How I did it: Choosing a new range, a ridiculously comprehensive guide
If there’s one decision I poured more time and effort into than the rest of our kitchen renovation, it was definitely our new range. I’m pretty sure my mom and husband were seriously worried about me as I dug deeper and deeper into my research. After spending way too much time making this decision, I’ve come up with a guide to help you make the best decision without quite so much time and agony. I’m only going to cover the most popular features the average family would be considering, because there is SO MUCH information out there, and a huge variety of features on the market.
Step 1: Do you want gas or electric? For may people this will be dictated by the existing utility lines, but if you’re on the gas line and have an electric range currently, or have a gas range and you’re interested in switching to electric, you might wonder what the pros and cons are to each. Gas ranges are generally the choice of chefs, the adjustable open flame on the stovetop gives you the ability to really control the heat, but electric ovens are generally known to be more accurate, which can be a boon to bakers. Ceramic top electric stoves generally can’t be used with cast iron, which was a huge deal breaker for us. In most areas, gas ranges will be cheaper to run utility bill wise.
Step 2: What is your price range? It’s critical to know your budget for a range before you start looking. There’s no point in falling in love with a range that’s out of your price bracket before you know how much you can spend. We were looking in the $500-1000 bracket, which is pretty middle of the road for new ranges.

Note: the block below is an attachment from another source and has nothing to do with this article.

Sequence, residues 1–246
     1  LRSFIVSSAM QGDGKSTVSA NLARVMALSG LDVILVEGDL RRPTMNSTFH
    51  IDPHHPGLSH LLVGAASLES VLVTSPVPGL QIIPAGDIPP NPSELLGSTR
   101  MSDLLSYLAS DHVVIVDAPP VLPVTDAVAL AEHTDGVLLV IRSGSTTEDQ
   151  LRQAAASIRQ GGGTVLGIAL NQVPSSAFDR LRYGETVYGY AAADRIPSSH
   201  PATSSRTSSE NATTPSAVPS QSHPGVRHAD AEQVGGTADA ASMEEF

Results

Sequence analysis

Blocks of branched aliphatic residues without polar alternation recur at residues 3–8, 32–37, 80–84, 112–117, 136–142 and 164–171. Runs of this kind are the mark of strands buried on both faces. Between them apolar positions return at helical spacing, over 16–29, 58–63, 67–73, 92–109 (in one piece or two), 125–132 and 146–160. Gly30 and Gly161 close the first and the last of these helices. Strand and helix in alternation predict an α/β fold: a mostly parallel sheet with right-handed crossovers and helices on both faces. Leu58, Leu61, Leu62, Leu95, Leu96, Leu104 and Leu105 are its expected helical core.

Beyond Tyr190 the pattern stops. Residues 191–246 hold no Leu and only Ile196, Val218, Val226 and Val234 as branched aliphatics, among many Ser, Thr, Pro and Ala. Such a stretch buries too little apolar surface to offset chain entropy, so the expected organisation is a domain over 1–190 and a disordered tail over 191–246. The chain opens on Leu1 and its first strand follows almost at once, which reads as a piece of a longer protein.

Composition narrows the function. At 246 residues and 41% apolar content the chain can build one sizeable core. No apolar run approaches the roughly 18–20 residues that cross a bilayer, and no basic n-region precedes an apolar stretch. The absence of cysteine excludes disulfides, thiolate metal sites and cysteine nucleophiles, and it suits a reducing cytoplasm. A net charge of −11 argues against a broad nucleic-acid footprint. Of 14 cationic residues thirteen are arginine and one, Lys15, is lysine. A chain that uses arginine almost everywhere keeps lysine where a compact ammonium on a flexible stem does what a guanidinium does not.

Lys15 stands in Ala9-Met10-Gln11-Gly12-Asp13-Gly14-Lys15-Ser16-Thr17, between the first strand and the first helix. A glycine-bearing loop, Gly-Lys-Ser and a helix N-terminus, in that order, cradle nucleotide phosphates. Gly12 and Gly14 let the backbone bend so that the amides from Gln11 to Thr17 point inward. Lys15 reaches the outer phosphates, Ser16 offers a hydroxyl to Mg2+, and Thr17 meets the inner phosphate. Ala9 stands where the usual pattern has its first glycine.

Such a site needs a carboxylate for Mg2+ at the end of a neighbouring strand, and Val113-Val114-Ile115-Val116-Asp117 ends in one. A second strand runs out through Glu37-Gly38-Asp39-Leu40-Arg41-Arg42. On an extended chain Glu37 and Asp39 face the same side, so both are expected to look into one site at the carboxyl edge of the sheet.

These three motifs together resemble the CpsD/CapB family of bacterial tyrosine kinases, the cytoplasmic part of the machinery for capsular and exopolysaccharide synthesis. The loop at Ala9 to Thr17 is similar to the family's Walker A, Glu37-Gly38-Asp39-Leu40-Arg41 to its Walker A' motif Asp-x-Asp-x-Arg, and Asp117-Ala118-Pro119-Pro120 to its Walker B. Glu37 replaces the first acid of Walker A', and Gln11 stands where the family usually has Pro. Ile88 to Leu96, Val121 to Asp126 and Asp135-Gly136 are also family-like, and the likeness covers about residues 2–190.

Step 3: Take your exhaust into account It’s easy to get sucked into the glamor of having a professional grade range in your kitchen, but you have to consider the level of exhaust they need. Be sure to check with your local code enforcement office regarding venting requirements if you’re switching from electric to gas, or making the jump to a professional grade range which often requires a higher powered exhaust system.
Step 4: Know the brands that meet your standards When we first started looking at ranges, the Samsung models seemed pretty sweet. They won all kinds of tests by outlets like CNET, and they had a lot more bells and whistles than other comparable ranges in our price range. Then when I started digging into actual user reviews of people who had these ranges, the issues that came up a few months into use were substantial, and the customer service seemed sorely lacking. After reading way, way too many reviews of individual range models from people who actually owned them, we narrowed our search down to just a few brands: GE, Maytag, Frigidaire, and Kitchen Aid. All these brands had well liked domestic customer service, and people who owned them seemed happy with their purchases more than a few months down the line.
Step 5: Know the features you care about, and how they relate to your cooking habits This part can be tricky. It’s easy to get sucked in to wanting the model with all the bells and whistles, but when you take the time to understand your cooking habits and what your needs are in a range, you can make a more informed decision that you’ll be happy with for years to come. Some of the main variables to consider are: